Everyone has their little addictions.  Some people are shopoholics.  Some–like my friend Amanda–are chocoholics.  Others are bookaholics.  Personally, I’m all three.  We all have those little obsessions that we just can’t get enough of.  But me…well, while I may love books, chocolate, and shopping…well, for me, I am a contest-aholic.

Well, hello, there Aidan

Yes, I am addicted to entering contests. And it is a problem.

When it comes to contests I look before I leap.  I’ll just be wasting some time on the internet, browsing some sites, and the next thing I know, I’ve entered some romance novel/blog contest.  This wouldn’t be a problem if

  1. I didn’t keep winning and
  2. I didn’t forget that I had entered them.

See the problem?  Winning is great.  I love winning, but when I forget what I entered to win, it becomes a problem.  For example, last week I was just sitting with my mother on one of my visits back home when my father hands me an envelope.  Apparently, I had mail.  I expected some junk or maybe some letter from a friend, but when I opened the flap I ended up with the most amazing surprise.

Romance novel trading cards!

the front...

and the back

Yeah, I know! They’re like baseball cards for romance novels.  Too cool.  I was so excited.  New addiction.  They are like Pokemon + baseball + sex, which = happy in my world! I think I have to collect them all.  Now, if only I can remember which contest I entered to get them so I can figure out how to get some more…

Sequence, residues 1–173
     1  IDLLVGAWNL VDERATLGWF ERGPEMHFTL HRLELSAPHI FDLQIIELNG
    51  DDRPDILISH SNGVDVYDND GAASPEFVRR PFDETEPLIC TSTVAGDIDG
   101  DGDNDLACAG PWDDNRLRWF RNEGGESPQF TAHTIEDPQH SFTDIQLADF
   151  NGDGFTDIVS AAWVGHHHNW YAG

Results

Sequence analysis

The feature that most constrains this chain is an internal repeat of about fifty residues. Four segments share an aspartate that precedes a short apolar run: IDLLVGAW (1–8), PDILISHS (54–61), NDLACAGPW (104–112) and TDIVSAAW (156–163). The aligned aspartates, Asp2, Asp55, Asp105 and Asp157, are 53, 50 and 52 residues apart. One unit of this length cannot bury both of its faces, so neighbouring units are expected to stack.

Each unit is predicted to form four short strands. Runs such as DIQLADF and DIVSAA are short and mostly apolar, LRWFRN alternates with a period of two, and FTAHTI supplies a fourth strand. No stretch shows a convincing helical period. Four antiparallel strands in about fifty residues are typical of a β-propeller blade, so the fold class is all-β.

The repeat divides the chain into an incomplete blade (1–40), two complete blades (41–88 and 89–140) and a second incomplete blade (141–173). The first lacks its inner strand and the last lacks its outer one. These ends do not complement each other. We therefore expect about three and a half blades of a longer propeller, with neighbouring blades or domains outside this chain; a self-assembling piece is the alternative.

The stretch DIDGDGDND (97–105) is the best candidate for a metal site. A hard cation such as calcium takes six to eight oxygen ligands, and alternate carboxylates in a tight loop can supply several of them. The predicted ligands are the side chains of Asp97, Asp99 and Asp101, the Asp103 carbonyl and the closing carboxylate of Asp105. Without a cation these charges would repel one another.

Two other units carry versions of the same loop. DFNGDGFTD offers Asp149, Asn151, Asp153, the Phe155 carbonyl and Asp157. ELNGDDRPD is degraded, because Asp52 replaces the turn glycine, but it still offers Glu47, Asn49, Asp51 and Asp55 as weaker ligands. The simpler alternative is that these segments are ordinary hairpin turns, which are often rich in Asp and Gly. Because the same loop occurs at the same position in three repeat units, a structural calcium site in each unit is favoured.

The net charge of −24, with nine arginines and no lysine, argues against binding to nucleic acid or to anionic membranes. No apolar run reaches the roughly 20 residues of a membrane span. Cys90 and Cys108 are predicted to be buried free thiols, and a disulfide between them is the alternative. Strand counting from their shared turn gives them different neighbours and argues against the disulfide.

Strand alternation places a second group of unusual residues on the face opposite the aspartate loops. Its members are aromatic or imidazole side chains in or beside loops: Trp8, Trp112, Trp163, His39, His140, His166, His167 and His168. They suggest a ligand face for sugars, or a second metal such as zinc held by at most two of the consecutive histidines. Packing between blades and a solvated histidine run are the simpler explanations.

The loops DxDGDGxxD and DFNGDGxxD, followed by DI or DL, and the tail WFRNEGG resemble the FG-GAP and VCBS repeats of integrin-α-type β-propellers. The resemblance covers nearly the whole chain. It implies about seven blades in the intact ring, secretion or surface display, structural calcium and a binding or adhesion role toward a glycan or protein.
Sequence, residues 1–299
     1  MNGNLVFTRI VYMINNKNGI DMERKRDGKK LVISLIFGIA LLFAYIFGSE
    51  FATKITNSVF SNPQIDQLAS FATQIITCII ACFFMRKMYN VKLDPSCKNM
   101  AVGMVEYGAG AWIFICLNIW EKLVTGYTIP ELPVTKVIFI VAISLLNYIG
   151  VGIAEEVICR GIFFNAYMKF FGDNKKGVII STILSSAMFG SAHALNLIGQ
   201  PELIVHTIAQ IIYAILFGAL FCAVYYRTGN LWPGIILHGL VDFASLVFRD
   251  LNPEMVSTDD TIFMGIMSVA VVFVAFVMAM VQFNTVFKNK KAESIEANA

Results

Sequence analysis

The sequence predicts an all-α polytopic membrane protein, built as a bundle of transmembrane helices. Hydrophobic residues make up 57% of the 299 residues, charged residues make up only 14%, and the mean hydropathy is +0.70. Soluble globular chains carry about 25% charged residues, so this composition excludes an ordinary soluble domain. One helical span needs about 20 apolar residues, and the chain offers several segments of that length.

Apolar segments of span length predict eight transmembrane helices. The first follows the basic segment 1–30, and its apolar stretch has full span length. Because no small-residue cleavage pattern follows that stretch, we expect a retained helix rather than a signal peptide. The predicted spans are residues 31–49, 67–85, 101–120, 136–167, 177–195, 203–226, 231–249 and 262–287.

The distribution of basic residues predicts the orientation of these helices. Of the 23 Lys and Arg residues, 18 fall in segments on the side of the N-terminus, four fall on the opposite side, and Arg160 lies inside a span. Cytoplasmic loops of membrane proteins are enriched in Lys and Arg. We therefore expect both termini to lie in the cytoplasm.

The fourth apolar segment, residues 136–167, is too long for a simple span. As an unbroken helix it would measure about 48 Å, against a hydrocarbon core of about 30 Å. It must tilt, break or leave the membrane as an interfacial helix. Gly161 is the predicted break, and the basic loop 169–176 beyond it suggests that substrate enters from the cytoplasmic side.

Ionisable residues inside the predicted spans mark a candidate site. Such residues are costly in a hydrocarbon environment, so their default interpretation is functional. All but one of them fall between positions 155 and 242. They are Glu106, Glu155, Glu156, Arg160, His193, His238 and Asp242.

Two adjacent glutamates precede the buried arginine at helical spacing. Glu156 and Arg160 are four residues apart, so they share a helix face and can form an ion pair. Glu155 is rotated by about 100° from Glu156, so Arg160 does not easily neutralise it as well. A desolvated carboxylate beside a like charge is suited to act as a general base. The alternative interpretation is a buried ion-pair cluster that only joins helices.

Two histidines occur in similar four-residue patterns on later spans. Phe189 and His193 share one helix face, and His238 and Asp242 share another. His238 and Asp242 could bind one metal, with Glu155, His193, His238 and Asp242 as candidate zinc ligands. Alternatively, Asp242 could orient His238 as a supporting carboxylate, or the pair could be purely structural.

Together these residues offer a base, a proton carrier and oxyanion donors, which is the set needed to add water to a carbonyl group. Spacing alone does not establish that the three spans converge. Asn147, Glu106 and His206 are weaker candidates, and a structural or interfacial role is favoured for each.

September 8, 2011 at 5:26 pm Leave a comment

These Are My Confessions

I used to hate to read.  Hated it. Like I simply Did. Not. Read. Ever. My mother was terrified that I would grow up to be functionally illiterate, something she laughs about now. But at the time—elementary school to be exact—she was sure that I was heading down a path that would lead to an early marriage, a gaggle of children, some sort of criminal record, and an inability to read or write.

Which sounds pretty dramatic now, but in her defense I think she had good reason to fear.  I would never pick a book up—unless I was stealing it from the teacher’s personal collection or the library—and I was quite popular with the little boys in my class. Yup, I was a little delinquent child headed down a path of book hatred. Luckily for all of our sakes, in sixth grade I had a teacher who changed everything:  Mrs. Passinteno.